America’s pastime is back in Tampa Bay! There is just something special about baseball in April. To me, it marks the official start of summer. Don’t get me wrong, the other quality sports teams in Tampa are great to watch. The Buc’s are rebuilding, and didn’t the Tampa Bay Lightning recently have a player set some type of an all-time NHL record against the Winnipeg Jets?
One thing that any Tampa Bay Rays fan knows is that our team struggles from a lack of ticket sales. Some blame it on Tropicana Field itself. Others blame it on the location of the field in St. Petersburg. One thing I think we can all agree on is that the quality of the product on the field is one of the best in Major League Baseball.
I was really happy to learn that the first two games of the season were sold out. Since I am an optimist, I believe that Rays’ tickets will be hard to come by as the season progresses and in the World Series against the Colorado Rockies in the fall. This article empowers you on the law and practical tips to protect you from illegal ticket resellers (or sometimes endearingly referred to as scalpers).
Florida Law Section 817.36, Florida Statutes, governs the resale of tickets to a wide variety of events including sporting events, theatre, cruises, multi-day events, and recreational activities, to name a few. In general, Florida law only allows a person or company to resell a ticket for $1 over the amount charged by the original issuer. If there is a $35 ticket, the reseller can only sell you the ticket for $36. There are two notable exceptions (and an additional one for charity events that is beyond this article).
First, travel agencies are exempt from the ticket resale limits for passage or accommodations on any common carrier in Florida. The exception is specifically limited to common carriers. The statute seems to suggest that your local travel agent can make a reasonable profit on airline tickets, but they cannot raise the price of the Rays/Red Sox game beyond $1. I am not sure how a full package deal would work where the travel agent sells airline, hotel, and tickets as well.
The second exception applies to Internet websites that are authorized by the original seller to resell the tickets. For example, if you try to buy Rays tickets from the official Rays website, you are directed to a Ticketmaster site. Ticketmaster is not limited to profiting $1.
I also thought that StubHub would fall under this exception. StubHub is a forum for private buyers and sellers to reach an agreement for the resale of tickets. In fact, the User Agreement specifically requires the buyer and seller to comply with Federal, State, and local laws regarding ticket resale. While StubHub seems to have an official endorsement from Major League Baseball, I doubt it is an actual authorized reselling entity. In fact, the Rays specifically remind StubHub resellers to comply with all State and Federal laws.
An officially authorized reseller must also post certain notices that essentially guaranty your admission to the event. They must, for example, guaranty that you will not be charged if the event is cancelled or if you are denied admission because the ticket is not valid.
Simply stated: Look at the actual cost of the ticket before you buy. In Florida, an Internet reseller or scalper at a game cannot sell you a $35 ticket for $100. If you are in the business of selling tickets at a big profit and your first name is not “Ticket” and your last is not “Master,” you are engaging in illegal activity.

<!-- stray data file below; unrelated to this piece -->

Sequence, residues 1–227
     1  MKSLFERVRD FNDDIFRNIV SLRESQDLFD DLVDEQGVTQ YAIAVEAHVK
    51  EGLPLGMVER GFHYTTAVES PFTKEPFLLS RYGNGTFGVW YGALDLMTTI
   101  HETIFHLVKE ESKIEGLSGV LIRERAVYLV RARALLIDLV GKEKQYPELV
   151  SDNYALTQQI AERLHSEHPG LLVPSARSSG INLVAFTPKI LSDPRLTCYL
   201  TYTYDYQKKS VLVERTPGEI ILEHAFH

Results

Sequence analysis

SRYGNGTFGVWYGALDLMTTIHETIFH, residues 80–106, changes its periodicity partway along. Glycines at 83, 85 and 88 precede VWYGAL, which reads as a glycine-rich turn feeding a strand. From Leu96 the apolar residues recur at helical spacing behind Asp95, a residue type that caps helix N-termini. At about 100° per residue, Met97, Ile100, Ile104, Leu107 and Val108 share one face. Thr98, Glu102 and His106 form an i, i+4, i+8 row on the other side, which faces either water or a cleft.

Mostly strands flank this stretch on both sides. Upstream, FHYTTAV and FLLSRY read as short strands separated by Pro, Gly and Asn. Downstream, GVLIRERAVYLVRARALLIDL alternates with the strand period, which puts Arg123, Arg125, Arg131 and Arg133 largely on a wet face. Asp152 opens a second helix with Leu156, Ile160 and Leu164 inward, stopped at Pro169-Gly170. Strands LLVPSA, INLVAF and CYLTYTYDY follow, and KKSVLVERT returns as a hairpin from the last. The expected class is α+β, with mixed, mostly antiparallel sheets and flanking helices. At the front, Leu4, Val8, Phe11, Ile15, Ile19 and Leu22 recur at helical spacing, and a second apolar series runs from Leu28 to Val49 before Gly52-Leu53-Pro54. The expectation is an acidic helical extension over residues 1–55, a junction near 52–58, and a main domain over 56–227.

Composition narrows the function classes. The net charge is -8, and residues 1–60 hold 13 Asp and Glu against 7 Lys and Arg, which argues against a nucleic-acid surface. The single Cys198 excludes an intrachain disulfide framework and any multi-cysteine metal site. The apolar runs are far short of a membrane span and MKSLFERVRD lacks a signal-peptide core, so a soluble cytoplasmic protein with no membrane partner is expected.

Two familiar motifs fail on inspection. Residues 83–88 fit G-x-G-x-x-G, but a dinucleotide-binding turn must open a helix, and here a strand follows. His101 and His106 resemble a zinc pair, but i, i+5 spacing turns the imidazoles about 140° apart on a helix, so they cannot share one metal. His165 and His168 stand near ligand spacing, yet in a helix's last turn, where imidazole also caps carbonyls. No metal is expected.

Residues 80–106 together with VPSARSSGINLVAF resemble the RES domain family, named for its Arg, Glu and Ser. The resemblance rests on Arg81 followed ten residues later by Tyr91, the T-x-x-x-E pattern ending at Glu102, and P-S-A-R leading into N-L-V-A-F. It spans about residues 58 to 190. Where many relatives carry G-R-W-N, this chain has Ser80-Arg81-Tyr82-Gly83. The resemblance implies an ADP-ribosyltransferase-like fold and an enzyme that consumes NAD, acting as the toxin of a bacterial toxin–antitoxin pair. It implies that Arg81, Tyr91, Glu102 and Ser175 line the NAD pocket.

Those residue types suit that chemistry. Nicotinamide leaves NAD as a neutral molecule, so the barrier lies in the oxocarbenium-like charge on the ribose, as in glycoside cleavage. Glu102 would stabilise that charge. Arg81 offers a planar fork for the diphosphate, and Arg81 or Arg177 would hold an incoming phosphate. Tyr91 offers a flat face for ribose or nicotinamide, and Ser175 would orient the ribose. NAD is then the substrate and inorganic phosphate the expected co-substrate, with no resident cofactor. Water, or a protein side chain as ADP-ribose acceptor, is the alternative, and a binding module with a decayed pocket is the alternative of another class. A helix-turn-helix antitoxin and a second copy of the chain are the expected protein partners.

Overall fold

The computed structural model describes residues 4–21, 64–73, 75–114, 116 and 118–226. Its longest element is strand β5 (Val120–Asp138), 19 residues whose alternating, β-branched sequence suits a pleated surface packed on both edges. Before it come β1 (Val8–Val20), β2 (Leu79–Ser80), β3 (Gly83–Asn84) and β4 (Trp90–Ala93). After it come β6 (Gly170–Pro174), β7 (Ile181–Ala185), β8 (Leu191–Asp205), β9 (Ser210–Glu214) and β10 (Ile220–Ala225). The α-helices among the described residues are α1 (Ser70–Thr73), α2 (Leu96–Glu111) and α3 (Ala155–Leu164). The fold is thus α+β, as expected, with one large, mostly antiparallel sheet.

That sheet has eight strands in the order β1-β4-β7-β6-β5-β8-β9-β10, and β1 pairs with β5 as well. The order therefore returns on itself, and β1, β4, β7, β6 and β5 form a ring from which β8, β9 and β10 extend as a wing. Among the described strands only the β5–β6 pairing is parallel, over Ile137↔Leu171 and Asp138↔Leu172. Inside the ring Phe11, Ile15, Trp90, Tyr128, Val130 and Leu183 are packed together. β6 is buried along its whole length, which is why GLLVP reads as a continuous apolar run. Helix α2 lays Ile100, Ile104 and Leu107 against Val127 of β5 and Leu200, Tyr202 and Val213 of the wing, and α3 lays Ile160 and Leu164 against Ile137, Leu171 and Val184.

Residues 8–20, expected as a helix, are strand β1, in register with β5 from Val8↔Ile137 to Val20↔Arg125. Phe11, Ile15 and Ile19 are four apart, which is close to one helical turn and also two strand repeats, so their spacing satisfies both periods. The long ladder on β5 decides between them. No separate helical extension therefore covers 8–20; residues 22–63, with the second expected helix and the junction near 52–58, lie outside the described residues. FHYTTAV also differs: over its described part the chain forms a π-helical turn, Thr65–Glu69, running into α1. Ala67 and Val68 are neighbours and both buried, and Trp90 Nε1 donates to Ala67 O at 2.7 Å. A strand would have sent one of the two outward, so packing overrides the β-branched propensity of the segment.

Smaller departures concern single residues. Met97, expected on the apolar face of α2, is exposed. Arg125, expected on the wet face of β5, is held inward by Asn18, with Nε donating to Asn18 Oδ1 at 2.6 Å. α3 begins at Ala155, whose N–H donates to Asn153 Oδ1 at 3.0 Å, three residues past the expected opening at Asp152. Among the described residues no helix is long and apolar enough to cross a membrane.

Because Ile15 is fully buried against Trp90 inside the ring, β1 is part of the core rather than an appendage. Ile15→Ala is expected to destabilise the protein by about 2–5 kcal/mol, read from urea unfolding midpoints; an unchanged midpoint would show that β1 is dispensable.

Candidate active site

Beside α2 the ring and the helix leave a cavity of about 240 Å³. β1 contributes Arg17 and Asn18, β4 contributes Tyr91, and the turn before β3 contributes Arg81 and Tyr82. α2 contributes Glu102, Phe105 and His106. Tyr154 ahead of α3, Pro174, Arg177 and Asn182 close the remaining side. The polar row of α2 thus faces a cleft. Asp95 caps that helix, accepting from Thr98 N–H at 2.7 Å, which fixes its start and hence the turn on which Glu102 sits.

St. Petersburg City Ordinance
Section 20-81, St. Petersburg City Code, places further restrictions on the sale of tickets before Rays’ games. The City Code essentially creates an “area of impact” surrounding Tropicana Field and other locations. The Code says one cannot sell any merchandise or food on public streets or sidewalks without a valid permit. Interestingly, however, the Code does not specifically state that a private person cannot sell tickets in the public locations.
The Code then continues by preventing the sale of tickets (the word used expressly this time) “on private yards and parking lots open to public access.” I interpret this language to mean that I can stand on a street corner and sell my tickets for $1 profit, but I cannot go into the parking area during pre-game tailgate events to get my $1 profit. This distinction actually does make sense. Notably, the Tampa Bay Times Forum has a similar policy.
I will be perfectly honest: If the Rays and the Rockies actually did play a game seven at Tropicana field, I would spend three months’ salary to get a ticket. I would find a way to do it legally, but it would get done. Perhaps parents can relate when their daughter wants tickets to the Hannah Montana concert that was sold out five minutes before public sales started.
The law is intended to protect consumers from overly zealous profiting by shady resellers. Obviously your best bet is to purchase your tickets directly from the box office or TicketMaster. StubHub provides guaranteed validity of the tickets you buy, but there seems to be very little enforcement of the $1 profit rule. If you are going to buy tickets outside of the field or other online sources, you can run into many problems. There are a lot of stories about forged tickets, duplicate tickets, and price gouging. By the time you get to the gate, and your entrance is denied, the reseller has gone home with your scalp in their pocket. If you have no other choice, ask a passerby if you can look at his or her tickets to see if they are similar in quality and appearance.
The bottom line, however, is that you need to buy those tickets to the Rays! Welcome back Rays, and here is to a good season with valid ticket holders in abundance.